•Security: whole-drive encryption is often really "whole partition" encryption. Thus with multiple partitions you could pick and choose which might be encrypted (typically a single partition containing your sensitive data.

    •Speed: Depending on how you use your data, it's possible that moving less-frequently used data to a separate partition "out of the way" of the data you use frequently can have a speed improvement.

    •Multi-boot: if you want to have multiple operating systems installed on your computer that you select at boot time, each must reside in a separate partition. It's also common to create an additional data partition that they all then use.

    For more information, you may also refer to the following third party article:

    Should I partition my hard disk?

    http://ask-leo.com/should_i_partition_my_hard_disk.html

    Regards,


    Arthur Li

    TechNet Community Support

    Montag, 11. Juni 2012 01:45
    Moderator
  • I'll argue or point out to Arthur that multi-boot isn't really a consideration. 'primary servers' do not get configured for 'multiboot'.

    I'm OK with the rest though. 'backup granularity' is somewhat of a nebulous idea, because NOBODY really cares about backup times. RESTORE granularity is MUCH MORE IMPORTANT.

    A small OS drive can be restored in a short time. Your data may be 'out of sync' but, at least, the AD is operational. 'you may now sign in and start to work, but I need a while to get your most recent files back' is _possibly_ of great advantage.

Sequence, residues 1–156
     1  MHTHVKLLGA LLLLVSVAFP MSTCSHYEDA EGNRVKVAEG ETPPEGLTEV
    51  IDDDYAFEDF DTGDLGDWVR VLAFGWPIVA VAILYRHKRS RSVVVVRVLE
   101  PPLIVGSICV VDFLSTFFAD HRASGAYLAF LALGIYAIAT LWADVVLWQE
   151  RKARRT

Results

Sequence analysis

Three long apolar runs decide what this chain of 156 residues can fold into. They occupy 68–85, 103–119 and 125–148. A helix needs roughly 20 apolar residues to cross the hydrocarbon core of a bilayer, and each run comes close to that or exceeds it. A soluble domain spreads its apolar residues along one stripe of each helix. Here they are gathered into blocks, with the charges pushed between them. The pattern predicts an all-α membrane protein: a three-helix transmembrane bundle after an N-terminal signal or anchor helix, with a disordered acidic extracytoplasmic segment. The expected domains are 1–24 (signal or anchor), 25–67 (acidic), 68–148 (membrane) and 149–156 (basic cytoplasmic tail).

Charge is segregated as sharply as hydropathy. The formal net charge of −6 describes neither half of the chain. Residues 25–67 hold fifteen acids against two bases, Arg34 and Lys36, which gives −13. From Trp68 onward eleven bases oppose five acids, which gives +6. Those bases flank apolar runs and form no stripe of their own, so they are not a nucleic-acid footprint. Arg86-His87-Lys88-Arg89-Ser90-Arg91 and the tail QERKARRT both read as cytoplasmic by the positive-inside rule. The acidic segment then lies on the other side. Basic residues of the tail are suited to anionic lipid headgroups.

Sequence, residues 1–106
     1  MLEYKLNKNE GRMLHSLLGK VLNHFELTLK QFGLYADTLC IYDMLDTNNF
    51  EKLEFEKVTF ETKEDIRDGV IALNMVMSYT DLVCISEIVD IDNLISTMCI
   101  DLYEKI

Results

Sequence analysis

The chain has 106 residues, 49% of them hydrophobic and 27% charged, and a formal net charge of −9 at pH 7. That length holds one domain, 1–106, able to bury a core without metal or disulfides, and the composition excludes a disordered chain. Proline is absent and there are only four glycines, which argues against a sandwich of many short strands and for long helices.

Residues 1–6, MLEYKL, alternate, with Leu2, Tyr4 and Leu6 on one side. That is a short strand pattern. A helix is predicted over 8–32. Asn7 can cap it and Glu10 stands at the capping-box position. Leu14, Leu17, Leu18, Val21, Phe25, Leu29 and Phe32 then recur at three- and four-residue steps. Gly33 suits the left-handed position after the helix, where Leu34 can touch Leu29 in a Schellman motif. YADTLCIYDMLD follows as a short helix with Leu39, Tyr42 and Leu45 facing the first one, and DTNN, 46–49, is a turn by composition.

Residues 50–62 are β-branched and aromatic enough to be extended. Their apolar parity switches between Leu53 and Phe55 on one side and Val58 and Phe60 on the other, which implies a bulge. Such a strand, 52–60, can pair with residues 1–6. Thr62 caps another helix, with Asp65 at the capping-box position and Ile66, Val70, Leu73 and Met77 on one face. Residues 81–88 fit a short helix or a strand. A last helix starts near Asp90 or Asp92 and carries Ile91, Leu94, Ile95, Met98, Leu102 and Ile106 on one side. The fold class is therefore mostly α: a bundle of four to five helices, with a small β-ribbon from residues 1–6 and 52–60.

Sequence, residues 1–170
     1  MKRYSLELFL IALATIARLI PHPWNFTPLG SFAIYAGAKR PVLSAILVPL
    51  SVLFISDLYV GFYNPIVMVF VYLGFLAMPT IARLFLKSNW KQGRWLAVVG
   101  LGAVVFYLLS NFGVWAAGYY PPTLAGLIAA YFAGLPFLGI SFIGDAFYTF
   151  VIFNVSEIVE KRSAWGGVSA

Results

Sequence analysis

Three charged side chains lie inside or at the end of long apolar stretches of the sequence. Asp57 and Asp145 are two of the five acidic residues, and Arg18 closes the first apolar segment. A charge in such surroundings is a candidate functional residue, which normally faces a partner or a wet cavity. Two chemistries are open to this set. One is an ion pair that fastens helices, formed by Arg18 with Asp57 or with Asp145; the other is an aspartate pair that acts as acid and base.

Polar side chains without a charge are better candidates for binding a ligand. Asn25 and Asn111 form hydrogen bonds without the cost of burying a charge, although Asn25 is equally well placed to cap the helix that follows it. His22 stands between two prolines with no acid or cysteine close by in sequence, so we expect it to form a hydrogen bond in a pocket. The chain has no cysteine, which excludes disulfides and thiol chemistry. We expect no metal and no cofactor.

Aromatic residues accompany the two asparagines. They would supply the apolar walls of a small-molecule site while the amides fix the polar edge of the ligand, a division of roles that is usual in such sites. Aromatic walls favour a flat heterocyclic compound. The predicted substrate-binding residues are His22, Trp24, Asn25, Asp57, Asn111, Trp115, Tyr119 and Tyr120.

Montag, 11. Juni 2012 02:36
  • OH, and in SBS I strongly recommend a dedicated partition for the Exchange database.

    That's 3 partitions _minimum_. OS, Exchange, and DATA.

    Montag, 11. Juni 2012 02:39
  • Hi Gumby,

    Why do you strongly recommend Exchange on its own partition?

    Donnerstag, 1. November 2012 22:16
  • Primarily so that it's easily recognisable 'THAT's my Exchange database partition and I can see it has sufficient room'.

    'dedicated' may also not be the best choice of words. I'll happily share that partition with SQL(like) databases. The main thought behind this is that partitions containing such 'database files' are unlikely to benefit from Shadow Copies of the files they contain. There _are_ circumstances where you may be able to pull such shadow copy and restream the logs to bring the database(s) up-to-date, but it's rare and the constant maintenance of 'ongoing VSS' _probably_ outweighs the rare circumstances where such may be beneficial. (EDIT) One might consider disabling SC's on such partition.

    Keeping such away from your 'general DATA' also means that some gumby user deciding their video/music library belongs on the server doesn't mean that these important databases suddenly get cramped for room. I remember when I didn't have this advice to follow and someone 'fat fingering' a file copy caused the Exchange to go down. Something easily avoided if _no user_ has access to that partition.

    Simplicity: (and convenience?)

    Imagine you have to do a FULL Disaster Recovery. I can bring back a minimal OS partition, and the partition holding my Exchange/SQL databases, make the system available. 'You have your most important (or most basic) functions available, restoring 'DATA Files' is now going to take several more hours'. You're UP, even if some stuff is still missing (which I'm working on).


    • Bearbeitet SuperGumby Freitag, 2. November 2012 04:55 edit
    Freitag, 2. November 2012 04:50